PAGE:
Just a Thought
To Act Now
Yamin Tauseef Jahangir
The human nature is always critical, as in most occasions it tries to find the easiest route to avoid a situation. It does not only apply to people of our country but it works for the majority of the population all over the world. We have a tendency to talk big and hardly sit back and welcome logic to criticise our rationality, thereby making our conscience blind to circumstances. It starts early as a child, when one wants to unlock the secrets of life with all its innocence. It began at a time when you first had realisations between the right and the wrong and yet you lured yourself to be ignorant about your instincts for doing anything good for the society.
In your adolescence you encountered a whole lot of different things that life had offered at that time and got an idea of the 'do's and the 'don'ts' to be a better human. But what are the odds that you would not stick to your promises of being that responsible someone? They are plenty. By the time you hit adulthood, your goals and priorities have changed. It is almost obvious to find students who in most cases go on doing assignments at the last minute. Maybe they do it till they graduate, but they don't get the fact that this very practice hinders them from competing in the local market where 'time' will be the ultimate deciding factor of their fate.
In recent times the 16th United Nations climate conference took place in Cancun, Mexico where Bangladesh along with other vulnerable countries raised their voices for the disbursement of the climate funds, which was promised the year before in the Copenhagen summit. We pledge about the reduction of carbon emission by the other developed or developing countries, which is certainly not the first time that we have said something regarding this matter. Talks and more talks, shaking of hands and nodding of the heads will not bring the matter to a conclusion, as it didn't happen in the past, not happening at present, and we really don't know about the future. In a report of The Daily Star titled 'Climate fund still a pledge' by Pinaki Roy (dated November 29, 2010), it had been mentioned that the Intergovernmental Panel on Climate Change (IPCC) Report of 2007 says due to global warming, the situation would be irreversible if the carbon emission is not reduced within the next 10 years. While we go on watching the difficult scenario of the climate refugees knowing the fact that time is running out, we, on the other hand simply go on doing press conferences and justify our very grave concerns.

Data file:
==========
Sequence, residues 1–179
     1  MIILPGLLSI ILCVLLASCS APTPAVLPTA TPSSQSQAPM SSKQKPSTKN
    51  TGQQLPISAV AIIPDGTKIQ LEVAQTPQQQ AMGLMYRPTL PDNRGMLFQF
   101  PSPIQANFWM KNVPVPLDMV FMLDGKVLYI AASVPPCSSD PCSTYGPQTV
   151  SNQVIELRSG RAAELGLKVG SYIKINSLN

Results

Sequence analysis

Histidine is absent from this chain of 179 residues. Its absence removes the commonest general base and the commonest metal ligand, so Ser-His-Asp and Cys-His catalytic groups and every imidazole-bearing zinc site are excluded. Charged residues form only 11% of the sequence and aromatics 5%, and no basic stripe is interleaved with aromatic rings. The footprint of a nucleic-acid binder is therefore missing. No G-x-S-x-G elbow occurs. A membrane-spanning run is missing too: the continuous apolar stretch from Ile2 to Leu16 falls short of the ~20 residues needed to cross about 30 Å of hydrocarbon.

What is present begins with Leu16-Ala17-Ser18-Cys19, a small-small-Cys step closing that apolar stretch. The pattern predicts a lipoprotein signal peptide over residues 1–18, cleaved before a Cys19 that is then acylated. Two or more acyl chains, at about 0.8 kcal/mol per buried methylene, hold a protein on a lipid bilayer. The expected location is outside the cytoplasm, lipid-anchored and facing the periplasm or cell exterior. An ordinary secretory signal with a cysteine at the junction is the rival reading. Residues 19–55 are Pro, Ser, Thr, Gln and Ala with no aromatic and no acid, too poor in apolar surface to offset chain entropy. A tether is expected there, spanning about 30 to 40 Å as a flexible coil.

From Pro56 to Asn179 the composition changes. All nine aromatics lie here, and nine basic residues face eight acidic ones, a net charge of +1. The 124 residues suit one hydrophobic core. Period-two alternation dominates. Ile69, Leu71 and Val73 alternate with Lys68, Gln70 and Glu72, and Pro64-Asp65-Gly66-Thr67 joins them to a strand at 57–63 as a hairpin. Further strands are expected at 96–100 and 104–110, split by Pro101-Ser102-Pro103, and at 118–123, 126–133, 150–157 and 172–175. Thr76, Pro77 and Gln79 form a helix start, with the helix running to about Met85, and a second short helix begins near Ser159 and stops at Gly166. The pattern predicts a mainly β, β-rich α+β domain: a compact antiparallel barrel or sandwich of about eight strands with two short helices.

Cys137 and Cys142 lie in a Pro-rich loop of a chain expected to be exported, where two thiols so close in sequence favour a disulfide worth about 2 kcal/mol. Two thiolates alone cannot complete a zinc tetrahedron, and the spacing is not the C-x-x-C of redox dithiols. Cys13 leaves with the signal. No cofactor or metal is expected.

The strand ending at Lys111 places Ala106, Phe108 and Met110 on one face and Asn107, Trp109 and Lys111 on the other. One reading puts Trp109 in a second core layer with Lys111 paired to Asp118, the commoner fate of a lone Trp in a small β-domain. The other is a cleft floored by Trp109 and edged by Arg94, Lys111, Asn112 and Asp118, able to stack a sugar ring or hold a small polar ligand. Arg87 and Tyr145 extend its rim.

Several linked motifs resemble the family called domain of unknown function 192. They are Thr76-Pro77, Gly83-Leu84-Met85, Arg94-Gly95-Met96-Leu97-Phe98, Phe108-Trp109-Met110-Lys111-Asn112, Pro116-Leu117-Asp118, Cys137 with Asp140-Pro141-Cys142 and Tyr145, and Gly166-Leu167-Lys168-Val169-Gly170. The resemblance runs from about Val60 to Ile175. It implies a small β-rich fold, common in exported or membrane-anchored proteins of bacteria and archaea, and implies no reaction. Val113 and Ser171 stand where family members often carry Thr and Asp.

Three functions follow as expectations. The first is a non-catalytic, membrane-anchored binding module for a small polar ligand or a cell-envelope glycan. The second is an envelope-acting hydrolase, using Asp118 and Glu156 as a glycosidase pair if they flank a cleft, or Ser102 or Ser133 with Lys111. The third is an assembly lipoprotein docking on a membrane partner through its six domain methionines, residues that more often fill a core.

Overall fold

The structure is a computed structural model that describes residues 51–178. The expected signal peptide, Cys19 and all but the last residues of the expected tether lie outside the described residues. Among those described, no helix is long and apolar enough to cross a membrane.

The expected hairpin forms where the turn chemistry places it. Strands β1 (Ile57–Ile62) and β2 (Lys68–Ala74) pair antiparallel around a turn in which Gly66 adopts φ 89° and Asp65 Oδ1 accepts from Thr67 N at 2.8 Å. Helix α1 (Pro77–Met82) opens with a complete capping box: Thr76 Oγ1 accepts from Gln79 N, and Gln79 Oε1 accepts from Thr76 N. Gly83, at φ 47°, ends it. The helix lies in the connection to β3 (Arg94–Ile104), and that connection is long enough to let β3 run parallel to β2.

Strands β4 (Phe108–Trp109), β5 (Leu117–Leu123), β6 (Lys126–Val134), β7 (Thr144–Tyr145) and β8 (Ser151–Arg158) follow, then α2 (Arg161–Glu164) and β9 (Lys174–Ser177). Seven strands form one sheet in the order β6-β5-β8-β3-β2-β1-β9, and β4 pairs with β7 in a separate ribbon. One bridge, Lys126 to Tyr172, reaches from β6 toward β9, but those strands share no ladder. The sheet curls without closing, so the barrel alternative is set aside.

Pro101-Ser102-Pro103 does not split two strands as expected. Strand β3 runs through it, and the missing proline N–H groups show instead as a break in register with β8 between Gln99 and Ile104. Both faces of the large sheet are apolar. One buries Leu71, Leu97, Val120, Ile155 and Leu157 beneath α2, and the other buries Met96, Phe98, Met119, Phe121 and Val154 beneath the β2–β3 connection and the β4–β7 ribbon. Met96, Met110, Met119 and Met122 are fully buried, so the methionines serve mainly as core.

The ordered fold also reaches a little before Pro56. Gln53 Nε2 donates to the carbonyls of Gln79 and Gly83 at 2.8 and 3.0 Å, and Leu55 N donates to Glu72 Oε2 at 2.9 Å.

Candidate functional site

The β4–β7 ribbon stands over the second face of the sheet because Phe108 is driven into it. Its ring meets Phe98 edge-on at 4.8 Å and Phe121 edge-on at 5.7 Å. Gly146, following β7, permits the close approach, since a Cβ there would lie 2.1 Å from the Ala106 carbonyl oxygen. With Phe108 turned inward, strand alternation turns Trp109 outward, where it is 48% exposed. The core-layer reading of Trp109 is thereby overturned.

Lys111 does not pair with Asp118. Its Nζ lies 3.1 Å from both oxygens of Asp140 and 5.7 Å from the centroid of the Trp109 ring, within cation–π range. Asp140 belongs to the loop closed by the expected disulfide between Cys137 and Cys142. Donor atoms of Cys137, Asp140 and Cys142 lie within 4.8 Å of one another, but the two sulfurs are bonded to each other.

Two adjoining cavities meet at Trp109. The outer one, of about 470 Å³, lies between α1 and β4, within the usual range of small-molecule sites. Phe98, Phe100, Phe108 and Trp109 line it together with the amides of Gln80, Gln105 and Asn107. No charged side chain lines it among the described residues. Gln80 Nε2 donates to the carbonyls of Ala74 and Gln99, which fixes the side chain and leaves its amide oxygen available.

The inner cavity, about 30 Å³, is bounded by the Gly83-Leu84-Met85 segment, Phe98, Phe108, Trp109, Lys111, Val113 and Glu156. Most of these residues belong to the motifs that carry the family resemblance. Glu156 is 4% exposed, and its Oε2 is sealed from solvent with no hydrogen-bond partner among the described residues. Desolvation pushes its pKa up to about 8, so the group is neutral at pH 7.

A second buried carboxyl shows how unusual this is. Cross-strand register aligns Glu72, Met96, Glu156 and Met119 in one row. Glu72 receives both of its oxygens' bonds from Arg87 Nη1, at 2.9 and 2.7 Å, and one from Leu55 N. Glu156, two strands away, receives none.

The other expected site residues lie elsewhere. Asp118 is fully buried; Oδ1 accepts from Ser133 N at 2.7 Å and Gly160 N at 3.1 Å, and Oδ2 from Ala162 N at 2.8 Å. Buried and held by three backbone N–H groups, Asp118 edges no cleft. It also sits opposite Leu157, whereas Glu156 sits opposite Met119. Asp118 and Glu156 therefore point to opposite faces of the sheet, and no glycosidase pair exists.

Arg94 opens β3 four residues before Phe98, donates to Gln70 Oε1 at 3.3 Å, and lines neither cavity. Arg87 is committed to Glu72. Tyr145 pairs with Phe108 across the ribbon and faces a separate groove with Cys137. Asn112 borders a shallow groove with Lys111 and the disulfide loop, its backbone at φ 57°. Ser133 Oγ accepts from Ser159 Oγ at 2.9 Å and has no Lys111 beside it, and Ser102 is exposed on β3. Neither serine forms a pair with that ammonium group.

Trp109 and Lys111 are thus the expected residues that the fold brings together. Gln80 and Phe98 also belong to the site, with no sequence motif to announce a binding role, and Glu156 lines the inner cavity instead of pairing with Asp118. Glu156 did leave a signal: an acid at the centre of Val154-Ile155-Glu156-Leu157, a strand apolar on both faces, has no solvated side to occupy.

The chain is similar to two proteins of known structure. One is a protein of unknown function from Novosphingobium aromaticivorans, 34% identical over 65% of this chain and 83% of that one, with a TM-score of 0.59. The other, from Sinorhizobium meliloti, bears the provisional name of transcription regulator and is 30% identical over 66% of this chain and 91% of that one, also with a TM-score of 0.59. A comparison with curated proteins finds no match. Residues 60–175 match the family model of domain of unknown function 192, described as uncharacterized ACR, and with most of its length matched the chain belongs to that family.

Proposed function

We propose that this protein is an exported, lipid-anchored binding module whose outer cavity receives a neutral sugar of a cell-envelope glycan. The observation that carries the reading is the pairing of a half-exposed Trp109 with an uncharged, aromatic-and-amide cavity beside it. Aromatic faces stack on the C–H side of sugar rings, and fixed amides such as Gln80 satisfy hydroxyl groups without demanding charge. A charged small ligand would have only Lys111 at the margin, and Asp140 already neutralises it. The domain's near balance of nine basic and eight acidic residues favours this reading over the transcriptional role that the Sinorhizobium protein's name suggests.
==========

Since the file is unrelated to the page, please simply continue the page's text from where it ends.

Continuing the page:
A much hyped up news in recent times is saving the tigers. The Global Tiger Summit in St. Petersburg hosted 13 countries that are home to wild tigers to come to commitments in order to save this magnificent creature from extinction. The questions that may arise now are, “Why now?”, “What happened before?” and the only 'real' answer to such questions could be “ignorance”. National Geographic aired a documentary titled 'Inside: The Tiger Trade', where they showed how Environmental Investigation Agency (EIA) of London spent about five years in gathering evidences and sources of tiger poaching and the booming business that it has become for certain countries. In a conference at Kathmandu a few years back, EIA re-introduced the matter, but little got done about it. As the tigers now only occupy 7% of their original range (source: Last chance to save the wild tigers by Robert Zoellick, Editorial, The Daily Star, dated-November 25, 2010), their time towards extinction is nearly ahead. Our country on the other hand has got only 440 tigers now and if we don't act fast to save them, may be 'later' would be too late of a term to apply.
We are always doing things at the last minute. Be it in saving the world or even taking up challenges to fix a fault, we always tend to shove ourselves aside and watch things burn from a distance. Some things are easier said than done, but they are not impossible. It only takes a stitch in time to save nine.